Natural Incense Born of Tradition
The oldest record of incense in Japan can be found in The Nihon Shoki (日本書紀) where it states that aromatic wood drifted onto Awaji Island. Located in Japan’s Seto Inland Sea, Awaji Island has preserved this tradition of incense and, for hundreds of years, continued to rethink it. The latest innovation is, poetically, a return to roots.
HA KO—a combination of the words ha (葉; "leaf") and ko (香; "incense")—is produced by Kunjudo, a 120-year old maker of incense founded in 1893 on Awaji Island. Throughout their history, they’ve created stable, high-quality incense by working with fragrance master and artisans. The elegant HAKO incense can be as used as potpourri, or burned like traditional incense. Put out on display, the leaves emit a subtle aroma that lasts for roughly three months. To burn, place on a non-flammable plate. Light the leaf, extinguish the flame and then enjoy for five to seven. The leaves come in different aromas and can be distinguished by their shape. Pro tip: send a leaf in a letter as a gift!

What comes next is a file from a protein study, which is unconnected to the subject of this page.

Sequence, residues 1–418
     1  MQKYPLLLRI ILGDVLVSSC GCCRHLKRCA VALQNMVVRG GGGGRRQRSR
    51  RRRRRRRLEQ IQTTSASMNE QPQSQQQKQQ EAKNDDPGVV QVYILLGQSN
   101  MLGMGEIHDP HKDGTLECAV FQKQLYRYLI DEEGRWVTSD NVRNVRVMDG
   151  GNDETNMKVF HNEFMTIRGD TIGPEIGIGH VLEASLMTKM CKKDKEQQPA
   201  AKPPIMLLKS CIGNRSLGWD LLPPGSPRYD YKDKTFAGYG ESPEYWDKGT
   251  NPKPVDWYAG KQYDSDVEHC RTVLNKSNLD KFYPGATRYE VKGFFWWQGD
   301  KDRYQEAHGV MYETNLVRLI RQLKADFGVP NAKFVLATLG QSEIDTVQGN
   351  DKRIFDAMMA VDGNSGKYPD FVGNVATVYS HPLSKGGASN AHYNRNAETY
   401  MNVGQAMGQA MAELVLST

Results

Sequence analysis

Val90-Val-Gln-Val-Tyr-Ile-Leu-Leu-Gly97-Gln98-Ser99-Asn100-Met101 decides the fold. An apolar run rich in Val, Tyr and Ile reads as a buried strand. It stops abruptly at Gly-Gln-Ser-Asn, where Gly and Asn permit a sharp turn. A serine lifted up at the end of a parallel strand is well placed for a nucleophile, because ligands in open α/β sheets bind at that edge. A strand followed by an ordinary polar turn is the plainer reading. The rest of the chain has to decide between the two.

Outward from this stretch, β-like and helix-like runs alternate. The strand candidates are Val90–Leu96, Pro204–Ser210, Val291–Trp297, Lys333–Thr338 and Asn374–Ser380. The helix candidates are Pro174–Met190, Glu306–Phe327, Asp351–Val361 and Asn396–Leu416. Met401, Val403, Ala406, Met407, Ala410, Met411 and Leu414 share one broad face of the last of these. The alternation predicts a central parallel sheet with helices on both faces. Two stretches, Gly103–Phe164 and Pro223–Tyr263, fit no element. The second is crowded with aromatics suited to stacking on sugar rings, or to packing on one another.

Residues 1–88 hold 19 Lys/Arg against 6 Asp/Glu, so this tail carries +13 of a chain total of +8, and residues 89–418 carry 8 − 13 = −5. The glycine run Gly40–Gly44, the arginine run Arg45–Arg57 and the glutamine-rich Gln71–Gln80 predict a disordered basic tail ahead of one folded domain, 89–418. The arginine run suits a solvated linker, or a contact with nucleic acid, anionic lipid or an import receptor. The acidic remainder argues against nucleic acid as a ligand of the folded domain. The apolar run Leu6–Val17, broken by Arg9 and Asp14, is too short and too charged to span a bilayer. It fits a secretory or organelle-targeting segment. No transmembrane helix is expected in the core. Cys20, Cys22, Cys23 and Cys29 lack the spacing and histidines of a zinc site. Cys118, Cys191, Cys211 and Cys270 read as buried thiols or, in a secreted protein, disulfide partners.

They’re available as a 5-piece box set and a 6-piece box set that comes with a plate.
Read the original article from our friends at Spoon & Tamago via the link below!